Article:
The Reanimated Monster of Mary Shelley's Frankenstein Essay

759 Words 4 Pages
Frankenstein has become a symbol in contemporary society. Upon hearing the name, one might imagine a tall, muscular green man with short black hair, a flat head, and two bolts pierced on both sides of his neck. Although that is the Frankenstein present now, the modern Frankenstein is only an adaptation of Mary Shelley’s original creature. Shelley’s Frankenstein, 1818, is a gothic novel in which she tells the tale of a man creating life. This creation of Victor Frankenstein’s monster eventually hurt the people he held dear. Following the popularity of the book, James Whale directed Frankenstein, in 1931, which started the movement of Frankenstein’s contemporary image. While in comparison to the novel’s questionable identity of the monster, Whale’s adaptation addresses the creation as the true monster. Whale is able to accomplish his reanimated version of the original creation through a series of drastically different aspects involving both personality and appearance in his cinematic production. Whale’s monster lacks the human appeal of Shelley’s creation through his motivation of his transgressions, lack of speech and physical appearance.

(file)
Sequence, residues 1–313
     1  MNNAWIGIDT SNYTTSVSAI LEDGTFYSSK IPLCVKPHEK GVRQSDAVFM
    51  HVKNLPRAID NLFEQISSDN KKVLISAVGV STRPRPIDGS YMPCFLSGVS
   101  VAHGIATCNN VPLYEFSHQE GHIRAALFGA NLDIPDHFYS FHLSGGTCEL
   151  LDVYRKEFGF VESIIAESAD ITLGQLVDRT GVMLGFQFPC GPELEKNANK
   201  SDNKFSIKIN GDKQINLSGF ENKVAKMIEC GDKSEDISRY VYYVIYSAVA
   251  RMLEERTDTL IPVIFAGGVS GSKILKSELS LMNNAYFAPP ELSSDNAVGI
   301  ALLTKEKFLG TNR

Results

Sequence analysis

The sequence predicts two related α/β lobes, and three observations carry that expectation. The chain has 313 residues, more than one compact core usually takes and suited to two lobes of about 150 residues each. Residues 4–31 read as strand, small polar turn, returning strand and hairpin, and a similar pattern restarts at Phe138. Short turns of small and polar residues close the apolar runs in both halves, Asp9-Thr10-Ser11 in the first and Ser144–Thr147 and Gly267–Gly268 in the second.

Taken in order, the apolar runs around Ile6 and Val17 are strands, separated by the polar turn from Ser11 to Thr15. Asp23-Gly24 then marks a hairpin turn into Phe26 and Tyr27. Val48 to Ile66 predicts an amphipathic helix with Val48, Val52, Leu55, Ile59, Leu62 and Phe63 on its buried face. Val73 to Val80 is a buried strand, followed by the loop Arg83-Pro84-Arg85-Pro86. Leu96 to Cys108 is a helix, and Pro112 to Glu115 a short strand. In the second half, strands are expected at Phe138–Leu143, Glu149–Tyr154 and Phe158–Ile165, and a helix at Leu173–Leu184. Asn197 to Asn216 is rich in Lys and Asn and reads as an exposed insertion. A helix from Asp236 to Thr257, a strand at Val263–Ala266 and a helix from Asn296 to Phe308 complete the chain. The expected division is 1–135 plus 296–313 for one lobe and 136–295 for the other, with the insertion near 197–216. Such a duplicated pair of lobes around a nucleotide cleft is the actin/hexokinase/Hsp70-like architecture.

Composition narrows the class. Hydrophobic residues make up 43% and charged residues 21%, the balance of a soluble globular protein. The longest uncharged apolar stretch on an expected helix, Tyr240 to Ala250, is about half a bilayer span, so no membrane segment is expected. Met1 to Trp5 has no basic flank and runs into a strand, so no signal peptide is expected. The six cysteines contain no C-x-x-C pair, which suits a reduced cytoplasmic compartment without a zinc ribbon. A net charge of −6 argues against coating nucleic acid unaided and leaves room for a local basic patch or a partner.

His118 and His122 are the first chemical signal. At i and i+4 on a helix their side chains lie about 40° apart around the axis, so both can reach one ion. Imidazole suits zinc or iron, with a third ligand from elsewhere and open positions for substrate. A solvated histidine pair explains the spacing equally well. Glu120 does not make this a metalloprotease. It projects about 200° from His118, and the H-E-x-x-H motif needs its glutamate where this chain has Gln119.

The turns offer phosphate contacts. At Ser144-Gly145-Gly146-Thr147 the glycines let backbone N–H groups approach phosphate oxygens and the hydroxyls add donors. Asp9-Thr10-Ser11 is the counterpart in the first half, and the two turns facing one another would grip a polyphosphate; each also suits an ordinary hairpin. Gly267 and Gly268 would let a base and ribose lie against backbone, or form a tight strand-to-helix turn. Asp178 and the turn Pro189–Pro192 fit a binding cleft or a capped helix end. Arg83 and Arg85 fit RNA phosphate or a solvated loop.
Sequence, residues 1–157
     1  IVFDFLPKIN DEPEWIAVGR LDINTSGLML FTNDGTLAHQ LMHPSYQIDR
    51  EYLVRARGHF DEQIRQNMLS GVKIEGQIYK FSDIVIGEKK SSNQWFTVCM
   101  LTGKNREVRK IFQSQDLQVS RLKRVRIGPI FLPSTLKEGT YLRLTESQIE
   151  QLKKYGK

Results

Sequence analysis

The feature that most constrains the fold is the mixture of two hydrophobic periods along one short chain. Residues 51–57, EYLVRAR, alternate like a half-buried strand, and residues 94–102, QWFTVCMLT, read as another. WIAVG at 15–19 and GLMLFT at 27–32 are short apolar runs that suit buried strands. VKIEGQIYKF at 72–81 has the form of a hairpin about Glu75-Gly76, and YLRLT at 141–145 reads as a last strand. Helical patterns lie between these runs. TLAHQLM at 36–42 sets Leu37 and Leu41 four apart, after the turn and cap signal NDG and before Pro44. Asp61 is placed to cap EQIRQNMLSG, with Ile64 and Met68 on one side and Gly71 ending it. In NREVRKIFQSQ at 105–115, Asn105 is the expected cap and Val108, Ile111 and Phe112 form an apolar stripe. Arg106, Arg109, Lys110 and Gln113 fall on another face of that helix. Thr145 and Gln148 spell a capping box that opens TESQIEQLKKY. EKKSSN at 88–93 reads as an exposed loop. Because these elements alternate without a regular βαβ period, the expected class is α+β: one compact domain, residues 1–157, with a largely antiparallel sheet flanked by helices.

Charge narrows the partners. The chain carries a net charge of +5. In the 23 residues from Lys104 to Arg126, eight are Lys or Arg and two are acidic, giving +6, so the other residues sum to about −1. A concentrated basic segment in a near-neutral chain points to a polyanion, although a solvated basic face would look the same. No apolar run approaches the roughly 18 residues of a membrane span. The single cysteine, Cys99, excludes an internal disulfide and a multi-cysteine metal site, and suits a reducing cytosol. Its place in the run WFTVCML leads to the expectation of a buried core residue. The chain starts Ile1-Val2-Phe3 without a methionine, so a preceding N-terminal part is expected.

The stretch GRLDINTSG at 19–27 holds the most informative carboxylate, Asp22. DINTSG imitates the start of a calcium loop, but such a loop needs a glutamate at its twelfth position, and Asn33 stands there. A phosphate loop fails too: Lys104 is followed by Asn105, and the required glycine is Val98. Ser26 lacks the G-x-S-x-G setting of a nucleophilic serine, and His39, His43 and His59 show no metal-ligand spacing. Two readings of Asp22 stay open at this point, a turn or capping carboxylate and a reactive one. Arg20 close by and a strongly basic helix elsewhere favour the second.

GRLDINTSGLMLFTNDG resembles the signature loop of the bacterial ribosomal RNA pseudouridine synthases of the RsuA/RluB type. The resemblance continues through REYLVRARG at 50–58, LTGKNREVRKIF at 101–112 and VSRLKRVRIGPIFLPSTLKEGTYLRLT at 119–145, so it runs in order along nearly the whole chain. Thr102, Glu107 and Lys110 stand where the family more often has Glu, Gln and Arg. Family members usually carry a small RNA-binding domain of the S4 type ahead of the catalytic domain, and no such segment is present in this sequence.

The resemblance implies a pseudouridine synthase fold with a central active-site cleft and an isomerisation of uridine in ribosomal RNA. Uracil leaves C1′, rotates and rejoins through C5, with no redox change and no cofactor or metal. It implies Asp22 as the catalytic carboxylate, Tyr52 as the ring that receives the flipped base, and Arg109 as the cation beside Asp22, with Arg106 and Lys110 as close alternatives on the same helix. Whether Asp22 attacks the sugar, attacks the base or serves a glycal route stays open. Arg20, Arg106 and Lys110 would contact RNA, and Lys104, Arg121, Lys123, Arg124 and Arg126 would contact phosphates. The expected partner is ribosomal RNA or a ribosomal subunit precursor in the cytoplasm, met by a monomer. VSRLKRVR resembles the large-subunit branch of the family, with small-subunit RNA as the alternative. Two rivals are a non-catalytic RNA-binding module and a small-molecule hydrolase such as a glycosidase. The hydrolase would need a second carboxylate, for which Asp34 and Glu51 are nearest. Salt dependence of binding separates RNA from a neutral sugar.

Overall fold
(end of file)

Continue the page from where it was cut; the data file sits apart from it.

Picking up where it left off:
Unlike the novel, the film begins with Henry Frankenstein and Fritz, his assistant, rummaging through graves in hopes of finding the remaining body parts to complete Frankenstein’s experiment. Upon returning to their laboratory, Frankenstein realizes he needs a brain and sends his assistant to find one. Through the ineptitude of Fritz, he…